Can you tell me about the places you visited to research for this book?
I traveled quite a bit in Latin America, as well as roaming around Mexico. I got down to Central America—focusing on Guatemala, Honduras, and El Salvador—as well as visiting some coca farms in the Bolivian Andes and a prison in the Dominican Republic. In the States, I went to check out the legalization experiment in Colorado.
The book goes into the legal highs industry, too which, believe it or not, has its roots in New Zealand of all places, though I confess I haven't been there. I also look at the European smuggling business, including some reporting from Britain, where I live, and examples from various other places, particularly the Netherlands. It's a global business so I wanted to make the book pretty global in its scope, though the focus really is on the Americas.
What type of money are modern drug cartels making?
No one quite knows because they don't publish their accounts. But the UN reckons the illegal drugs business is worth about $300 billion a year. Of that, the biggest part is marijuana—it makes up nearly half the total, since it's so popular. Interestingly, marijuana is not all that profitable, compared to other drugs. As marijuana is legalized, the cartels are relying more on other drugs: cocaine is the mainstay of the Latin American ones, though they are getting more into heroin. They're following up on the big market opportunity that America's prescription-painkiller epidemic has opened up [for opiates].
What have the cartels learned from major businesses like Walmart?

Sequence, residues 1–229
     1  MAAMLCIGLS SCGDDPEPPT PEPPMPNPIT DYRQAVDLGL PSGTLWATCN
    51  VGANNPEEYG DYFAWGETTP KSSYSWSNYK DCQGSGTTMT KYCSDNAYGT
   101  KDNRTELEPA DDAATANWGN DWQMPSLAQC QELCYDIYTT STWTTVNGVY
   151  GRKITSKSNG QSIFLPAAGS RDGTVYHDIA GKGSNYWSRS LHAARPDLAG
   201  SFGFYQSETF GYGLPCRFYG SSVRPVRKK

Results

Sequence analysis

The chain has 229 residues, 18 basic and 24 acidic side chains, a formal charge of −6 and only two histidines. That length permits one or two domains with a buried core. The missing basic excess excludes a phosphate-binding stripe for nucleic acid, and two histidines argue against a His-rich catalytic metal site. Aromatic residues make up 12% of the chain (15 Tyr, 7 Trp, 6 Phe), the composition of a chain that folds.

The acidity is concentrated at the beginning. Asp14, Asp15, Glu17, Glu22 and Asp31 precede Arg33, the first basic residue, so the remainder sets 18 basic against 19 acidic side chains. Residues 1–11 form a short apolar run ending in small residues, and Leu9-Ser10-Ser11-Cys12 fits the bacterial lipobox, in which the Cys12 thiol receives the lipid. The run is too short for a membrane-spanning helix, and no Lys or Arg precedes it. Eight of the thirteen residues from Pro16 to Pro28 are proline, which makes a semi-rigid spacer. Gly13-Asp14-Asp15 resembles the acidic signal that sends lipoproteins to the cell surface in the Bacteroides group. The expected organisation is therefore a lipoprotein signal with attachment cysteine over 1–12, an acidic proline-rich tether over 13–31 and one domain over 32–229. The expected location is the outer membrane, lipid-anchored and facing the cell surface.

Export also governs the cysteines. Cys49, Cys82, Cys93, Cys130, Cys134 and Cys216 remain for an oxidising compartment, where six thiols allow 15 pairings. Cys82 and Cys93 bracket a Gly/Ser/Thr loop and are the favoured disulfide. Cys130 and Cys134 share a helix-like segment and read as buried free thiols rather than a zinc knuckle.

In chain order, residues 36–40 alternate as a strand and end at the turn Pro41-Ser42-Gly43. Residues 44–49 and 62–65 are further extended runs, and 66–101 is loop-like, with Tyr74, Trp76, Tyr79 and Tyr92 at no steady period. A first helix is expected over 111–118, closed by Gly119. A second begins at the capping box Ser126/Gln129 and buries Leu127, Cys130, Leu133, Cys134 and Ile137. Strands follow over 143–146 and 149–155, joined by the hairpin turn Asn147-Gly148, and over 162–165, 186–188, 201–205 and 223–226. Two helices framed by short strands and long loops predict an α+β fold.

Plenty, though it's worth making clear—so that I don't end up on the wrong end of a Walmart lawsuit—that none of the legitimate firms mentioned in my book are accused of any wrongdoing themselves. In the case of Walmart, it's about how they manage their suppliers. Walmart is sometimes accused of being a monopsony—that is, being the monopoly buyer of certain products in some markets. The idea is that it's so big, it can effectively dictate prices to its suppliers.
The cartels have a similar thing going on in South America with their coca-leaf suppliers. The farmers have no one else to sell to, so when a crop fails or is destroyed by the Colombian air force, it's the farmers that take the hit, not the cartels. That's why cocaine's price has hardly budged in the US for decades.
What about McDonald's?
With McDonald's, that's all about franchising. Look at the Zetas cartel in Mexico. They let local gangs use the Zetas brand, which makes them much more effective at extortion, and, in return, the main cartel takes a cut of the local gangs' earnings. The Zetas have also hit some of the same problems as McDonald's, such as when their franchisees often squabble over territorial encroachment, just as McDonald's restauranteurs do.